Surgeons Question Surgery’s Impact on Brain

A fervent believer in a condition dubbed post-operative cognitive decline (POCD), Hogan said it’s time for surgeons to stop ignoring the evidence and begin developing a thorough and reasonable informed consent process to address these risks. Surgeons, while generally rejecting the “denier” mantle, are also cautious about embracing a new syndrome — especially one that might reflect poorly on their profession…

“I would disagree that cardiac surgeons are routinely discussing cognitive dysfunction,” said Robbin Cohen, MD, associate professor of cardiothoracic surgery at Keck School of Medicine at the University of Southern California.”I don’t tell patients there’s a risk they’re not going to remember their passwords or their grandchild’s birthday. Who would submit to an operation after that?” …

“We’ve taken for granted for so many years that all of these anesthetic agents are so safe, and that all they’re doing is putting you to sleep and then waking you up. It seems like that should be such a natural thing. But you know, the reality of it is we’re artificially suppressing the nervous system.

“And it turns out that a lot of these medications are probably much more dangerous than we anticipated and probably have both short and long term effects that we really haven’t thought about, or maybe had attributed to the surgery and the heart lung machine,” Cohen said.

One thought on “Surgeons Question Surgery’s Impact on Brain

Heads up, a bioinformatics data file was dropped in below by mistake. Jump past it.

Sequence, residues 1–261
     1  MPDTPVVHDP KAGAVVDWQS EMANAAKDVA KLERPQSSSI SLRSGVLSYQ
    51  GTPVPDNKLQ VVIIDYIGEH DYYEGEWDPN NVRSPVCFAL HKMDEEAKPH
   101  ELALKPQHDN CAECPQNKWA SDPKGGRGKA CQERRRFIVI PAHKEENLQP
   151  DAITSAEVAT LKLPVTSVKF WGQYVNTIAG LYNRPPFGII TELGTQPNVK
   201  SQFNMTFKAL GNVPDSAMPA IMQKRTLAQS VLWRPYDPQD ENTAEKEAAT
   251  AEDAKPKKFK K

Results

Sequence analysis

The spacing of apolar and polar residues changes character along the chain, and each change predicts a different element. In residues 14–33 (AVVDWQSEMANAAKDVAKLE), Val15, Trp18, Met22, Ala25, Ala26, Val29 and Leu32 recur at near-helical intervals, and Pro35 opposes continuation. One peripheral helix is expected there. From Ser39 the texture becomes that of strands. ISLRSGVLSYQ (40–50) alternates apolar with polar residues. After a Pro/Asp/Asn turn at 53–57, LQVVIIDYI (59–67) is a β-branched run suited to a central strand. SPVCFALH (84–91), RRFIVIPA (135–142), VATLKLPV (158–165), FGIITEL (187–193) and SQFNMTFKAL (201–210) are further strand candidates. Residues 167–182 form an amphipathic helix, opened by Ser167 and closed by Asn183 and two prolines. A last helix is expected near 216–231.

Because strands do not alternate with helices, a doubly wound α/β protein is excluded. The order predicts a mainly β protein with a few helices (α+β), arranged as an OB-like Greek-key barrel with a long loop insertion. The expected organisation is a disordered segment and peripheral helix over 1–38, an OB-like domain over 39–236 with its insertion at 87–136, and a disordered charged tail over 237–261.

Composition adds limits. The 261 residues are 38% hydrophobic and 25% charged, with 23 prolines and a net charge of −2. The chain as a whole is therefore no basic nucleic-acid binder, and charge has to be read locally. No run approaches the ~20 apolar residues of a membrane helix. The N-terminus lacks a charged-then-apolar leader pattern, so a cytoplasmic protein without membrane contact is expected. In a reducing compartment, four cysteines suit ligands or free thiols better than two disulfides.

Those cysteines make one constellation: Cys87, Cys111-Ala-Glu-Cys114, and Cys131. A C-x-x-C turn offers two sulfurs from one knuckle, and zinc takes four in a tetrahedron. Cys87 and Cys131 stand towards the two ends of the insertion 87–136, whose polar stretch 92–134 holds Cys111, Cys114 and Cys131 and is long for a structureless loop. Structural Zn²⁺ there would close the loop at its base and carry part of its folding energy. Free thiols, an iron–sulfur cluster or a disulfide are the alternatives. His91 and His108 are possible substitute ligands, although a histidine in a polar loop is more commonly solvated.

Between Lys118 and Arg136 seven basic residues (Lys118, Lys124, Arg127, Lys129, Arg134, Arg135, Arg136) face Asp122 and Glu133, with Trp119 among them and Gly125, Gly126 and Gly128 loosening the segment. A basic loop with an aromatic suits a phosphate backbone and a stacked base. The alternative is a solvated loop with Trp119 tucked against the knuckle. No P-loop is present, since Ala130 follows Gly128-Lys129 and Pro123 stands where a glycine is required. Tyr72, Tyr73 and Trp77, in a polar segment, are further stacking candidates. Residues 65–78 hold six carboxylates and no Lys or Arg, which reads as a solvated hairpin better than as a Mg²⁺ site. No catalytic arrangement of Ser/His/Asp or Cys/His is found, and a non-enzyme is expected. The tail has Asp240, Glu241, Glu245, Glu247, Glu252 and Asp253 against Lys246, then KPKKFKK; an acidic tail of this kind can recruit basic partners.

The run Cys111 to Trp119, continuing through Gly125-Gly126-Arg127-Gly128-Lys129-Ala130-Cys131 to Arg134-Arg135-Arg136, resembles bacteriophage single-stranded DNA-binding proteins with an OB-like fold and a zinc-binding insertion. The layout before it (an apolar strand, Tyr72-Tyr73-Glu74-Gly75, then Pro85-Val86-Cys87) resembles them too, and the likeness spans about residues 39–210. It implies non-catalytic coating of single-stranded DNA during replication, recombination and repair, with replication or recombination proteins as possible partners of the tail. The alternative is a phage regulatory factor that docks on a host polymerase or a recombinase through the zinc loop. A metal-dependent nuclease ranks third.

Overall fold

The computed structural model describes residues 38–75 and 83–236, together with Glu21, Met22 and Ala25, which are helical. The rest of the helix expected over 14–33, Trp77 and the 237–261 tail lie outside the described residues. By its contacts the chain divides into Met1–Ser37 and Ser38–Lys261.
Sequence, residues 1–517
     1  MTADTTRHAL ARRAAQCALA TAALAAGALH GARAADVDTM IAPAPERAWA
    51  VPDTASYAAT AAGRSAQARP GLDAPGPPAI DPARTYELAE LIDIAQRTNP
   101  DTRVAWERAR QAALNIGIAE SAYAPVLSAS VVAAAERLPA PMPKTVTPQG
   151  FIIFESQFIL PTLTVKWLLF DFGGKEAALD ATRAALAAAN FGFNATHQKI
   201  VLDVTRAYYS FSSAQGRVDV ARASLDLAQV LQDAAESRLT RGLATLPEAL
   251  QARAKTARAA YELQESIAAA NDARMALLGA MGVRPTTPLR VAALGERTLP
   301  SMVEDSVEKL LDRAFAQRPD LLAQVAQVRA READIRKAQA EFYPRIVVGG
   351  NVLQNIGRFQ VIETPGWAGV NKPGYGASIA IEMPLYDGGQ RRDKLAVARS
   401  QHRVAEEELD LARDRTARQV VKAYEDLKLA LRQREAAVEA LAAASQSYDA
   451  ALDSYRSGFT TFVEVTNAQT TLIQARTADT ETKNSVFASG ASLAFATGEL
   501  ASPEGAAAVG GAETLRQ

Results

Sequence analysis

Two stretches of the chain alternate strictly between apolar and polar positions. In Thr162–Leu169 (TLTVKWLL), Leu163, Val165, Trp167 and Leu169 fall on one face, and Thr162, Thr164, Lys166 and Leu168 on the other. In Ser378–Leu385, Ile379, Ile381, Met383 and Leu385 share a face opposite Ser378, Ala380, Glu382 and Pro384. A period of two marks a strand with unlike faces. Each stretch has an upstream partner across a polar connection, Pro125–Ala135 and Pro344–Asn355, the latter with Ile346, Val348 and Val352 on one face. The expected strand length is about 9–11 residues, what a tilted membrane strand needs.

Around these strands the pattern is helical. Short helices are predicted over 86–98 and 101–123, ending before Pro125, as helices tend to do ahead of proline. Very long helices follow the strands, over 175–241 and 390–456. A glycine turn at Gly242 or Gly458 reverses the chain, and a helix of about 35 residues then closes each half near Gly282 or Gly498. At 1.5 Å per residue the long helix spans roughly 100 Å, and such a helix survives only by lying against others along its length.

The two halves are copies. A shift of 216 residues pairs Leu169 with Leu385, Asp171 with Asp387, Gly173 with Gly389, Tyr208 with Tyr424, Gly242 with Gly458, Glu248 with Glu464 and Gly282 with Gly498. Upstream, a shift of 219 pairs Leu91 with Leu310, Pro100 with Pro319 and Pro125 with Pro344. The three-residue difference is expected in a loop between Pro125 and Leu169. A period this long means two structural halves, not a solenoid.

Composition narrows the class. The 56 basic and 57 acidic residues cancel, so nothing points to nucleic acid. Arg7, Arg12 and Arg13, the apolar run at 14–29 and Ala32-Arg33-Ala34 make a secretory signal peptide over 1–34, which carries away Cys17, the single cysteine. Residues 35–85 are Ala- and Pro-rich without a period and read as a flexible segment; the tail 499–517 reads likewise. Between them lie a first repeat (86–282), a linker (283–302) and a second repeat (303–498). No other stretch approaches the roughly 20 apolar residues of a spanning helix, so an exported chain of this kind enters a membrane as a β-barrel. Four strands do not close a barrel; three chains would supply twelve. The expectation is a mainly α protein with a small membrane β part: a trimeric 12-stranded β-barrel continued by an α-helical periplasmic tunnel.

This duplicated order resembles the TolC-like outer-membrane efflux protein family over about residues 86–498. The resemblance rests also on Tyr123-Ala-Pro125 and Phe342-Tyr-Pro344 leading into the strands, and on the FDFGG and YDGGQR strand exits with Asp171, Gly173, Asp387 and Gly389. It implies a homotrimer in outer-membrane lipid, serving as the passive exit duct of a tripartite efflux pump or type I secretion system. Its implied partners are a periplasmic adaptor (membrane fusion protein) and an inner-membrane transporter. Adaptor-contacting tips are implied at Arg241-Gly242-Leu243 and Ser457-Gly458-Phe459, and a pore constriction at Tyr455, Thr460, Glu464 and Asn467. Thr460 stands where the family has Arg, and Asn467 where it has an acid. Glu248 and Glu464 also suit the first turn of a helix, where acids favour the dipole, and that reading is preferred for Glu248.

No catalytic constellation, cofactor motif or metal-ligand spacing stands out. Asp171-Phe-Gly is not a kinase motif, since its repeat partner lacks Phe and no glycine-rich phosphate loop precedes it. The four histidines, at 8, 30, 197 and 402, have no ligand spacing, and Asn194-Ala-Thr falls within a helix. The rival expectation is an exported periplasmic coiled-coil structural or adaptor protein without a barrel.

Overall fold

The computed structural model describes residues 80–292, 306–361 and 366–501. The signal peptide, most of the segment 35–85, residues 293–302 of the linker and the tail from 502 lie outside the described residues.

1. Wow. Good to know that surgeons are starting to admit to this. Now if only anesthesiologists…

    My last several surgeries…even bilateral hernias…have been done by my insistence with local. I have taken the sedation, though, and I notice a striking difference in my cognitive function that has not gone away even years later. It’s a huge problem.

    I’m glad that no one uses halothane much anymore, but propofol seems to have replaced it, and I’m noticing a lot of propofol related cognitive blunting in myself and others, very concerning.

    Not to knee-jerk and withdraw general anesthesia! But definitely something to be aware of, and be more proactive when discussing anesthetic choices for planned surgeries. Used to be we got to actually have a consult with the anesthesiologist…now one is lucky to catch a glimpse of them. Really not good.

    Thanks for another great informative post!

    Liked by 2 people

If you don't comment, I'll just assume you agree with me

Fill in your details below or click an icon to log in: Logo

You are commenting using your account. Log Out /  Change )

Twitter picture

You are commenting using your Twitter account. Log Out /  Change )

Facebook photo

You are commenting using your Facebook account. Log Out /  Change )

Connecting to %s